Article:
Hepatitis E virus (HEV) is a major cause of human hepatitis worldwide. Zoonotic genotypes of the virus have been found in diverse animal species with pigs playing a major role. Putative risk of zoonotic infection from livestock particularly swine in Sub-Saharan Africa including Ghana is poorly understood due to scarcity of available data, especially HEV sequence information.
Serum samples were collected from cattle, sheep, goats and pigs from Kumasi in the Ashanti region of Ghana. Samples were subjected to nested RT-PCR screening and quantification of HEV RNA-positive samples using real-time RT-PCR and the World Health Organization International Standard for HEV. Testing of all pig samples for antibodies was done by ELISA. Sanger sequencing and genotyping was performed and one representative complete genome was generated to facilitate genome-wide comparison to other available African HEV sequences by phylogenetic analysis.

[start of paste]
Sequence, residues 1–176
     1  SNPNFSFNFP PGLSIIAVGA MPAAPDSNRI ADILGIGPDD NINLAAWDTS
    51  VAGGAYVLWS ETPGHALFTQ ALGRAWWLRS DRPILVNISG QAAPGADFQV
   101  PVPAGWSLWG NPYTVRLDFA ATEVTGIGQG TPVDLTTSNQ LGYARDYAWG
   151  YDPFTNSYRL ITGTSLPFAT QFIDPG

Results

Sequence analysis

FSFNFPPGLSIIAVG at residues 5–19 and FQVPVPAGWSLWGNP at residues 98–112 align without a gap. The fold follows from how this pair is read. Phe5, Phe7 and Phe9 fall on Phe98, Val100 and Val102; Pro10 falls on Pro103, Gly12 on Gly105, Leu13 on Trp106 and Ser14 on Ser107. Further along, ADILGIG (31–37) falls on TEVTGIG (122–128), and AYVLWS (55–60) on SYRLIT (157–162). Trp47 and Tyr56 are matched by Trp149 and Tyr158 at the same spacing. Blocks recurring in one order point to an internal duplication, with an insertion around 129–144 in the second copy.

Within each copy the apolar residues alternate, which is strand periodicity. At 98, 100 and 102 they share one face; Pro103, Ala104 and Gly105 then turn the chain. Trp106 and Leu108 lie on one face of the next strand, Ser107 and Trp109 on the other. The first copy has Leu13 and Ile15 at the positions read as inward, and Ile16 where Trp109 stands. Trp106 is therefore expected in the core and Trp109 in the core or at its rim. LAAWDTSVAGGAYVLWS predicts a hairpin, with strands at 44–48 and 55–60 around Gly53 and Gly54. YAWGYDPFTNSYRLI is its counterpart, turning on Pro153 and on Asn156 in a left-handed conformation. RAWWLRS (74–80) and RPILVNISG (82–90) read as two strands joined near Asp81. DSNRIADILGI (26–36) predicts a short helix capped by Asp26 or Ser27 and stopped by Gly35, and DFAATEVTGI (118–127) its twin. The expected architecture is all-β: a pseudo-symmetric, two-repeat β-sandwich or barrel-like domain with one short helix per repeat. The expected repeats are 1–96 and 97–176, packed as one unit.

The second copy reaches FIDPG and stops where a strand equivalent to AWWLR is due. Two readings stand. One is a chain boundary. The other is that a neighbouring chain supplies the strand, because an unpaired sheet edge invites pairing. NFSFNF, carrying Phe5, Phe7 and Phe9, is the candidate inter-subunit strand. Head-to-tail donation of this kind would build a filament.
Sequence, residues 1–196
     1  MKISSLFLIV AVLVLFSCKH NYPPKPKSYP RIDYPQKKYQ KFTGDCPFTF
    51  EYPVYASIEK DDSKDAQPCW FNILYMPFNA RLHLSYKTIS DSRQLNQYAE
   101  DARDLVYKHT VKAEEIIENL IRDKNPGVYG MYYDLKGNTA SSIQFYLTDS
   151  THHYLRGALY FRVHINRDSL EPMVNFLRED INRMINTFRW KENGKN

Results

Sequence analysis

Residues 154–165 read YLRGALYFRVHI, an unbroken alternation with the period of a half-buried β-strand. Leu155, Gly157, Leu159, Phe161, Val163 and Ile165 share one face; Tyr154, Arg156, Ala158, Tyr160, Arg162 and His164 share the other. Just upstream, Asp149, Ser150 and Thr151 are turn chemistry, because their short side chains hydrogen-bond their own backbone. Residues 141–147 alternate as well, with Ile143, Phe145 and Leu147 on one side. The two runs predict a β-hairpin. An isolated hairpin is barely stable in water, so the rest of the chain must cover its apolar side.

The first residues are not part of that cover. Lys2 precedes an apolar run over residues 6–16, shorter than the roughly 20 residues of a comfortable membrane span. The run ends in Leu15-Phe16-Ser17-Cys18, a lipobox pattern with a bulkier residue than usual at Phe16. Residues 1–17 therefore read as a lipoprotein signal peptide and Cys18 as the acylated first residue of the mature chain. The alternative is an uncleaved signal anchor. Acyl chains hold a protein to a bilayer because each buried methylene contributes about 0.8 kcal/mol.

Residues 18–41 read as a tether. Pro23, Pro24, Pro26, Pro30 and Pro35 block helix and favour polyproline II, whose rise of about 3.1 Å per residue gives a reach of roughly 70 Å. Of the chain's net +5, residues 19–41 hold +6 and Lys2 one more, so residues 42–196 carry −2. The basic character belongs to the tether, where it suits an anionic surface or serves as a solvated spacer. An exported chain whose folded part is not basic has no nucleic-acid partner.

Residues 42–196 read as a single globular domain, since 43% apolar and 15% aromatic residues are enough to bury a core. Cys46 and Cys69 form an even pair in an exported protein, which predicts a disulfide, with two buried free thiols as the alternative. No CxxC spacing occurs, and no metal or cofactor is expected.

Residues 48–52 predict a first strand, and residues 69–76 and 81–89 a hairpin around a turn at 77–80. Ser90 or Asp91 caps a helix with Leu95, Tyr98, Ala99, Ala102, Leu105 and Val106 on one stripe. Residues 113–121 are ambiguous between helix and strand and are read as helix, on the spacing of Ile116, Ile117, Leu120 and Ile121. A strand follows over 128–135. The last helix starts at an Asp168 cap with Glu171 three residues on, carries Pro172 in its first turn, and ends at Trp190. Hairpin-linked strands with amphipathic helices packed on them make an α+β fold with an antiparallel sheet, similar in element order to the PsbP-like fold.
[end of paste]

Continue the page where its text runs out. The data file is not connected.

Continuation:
A total of 420 samples were available from cattle ( = 105), goats ( = 124), pigs ( = 89) and sheep ( = 102). HEV Viral RNA was detected only in pig samples (10.1%). The antibody detection rate in pigs was 77.5%, with positive samples from all sampling sites. Average viral load was 1 × 10 (range 1.02 × 10 to 3.17 × 10) International Units per mL of serum with no statistically significant differences between age groups (≤ 6 month, > 6 months) by a T-test comparison of means (t = 1.4272, df = 7,  = 0.1966). Sequences obtained in this study form a monophyletic group within HEV genotype 3. Sequences from Cameroon, Ghana, Burkina Faso and Madagascar were found to share a most recent common ancestor; however this was not the case for other African HEV sequences.
HEV genotype 3 is highly endemic in pigs in Ghana and likely poses a zoonotic risk to people exposed to pigs. HEV genotype 3 in Ghana shares a common origin with other virus strains from Sub-Saharan Africa.

© The Author(s) 2020.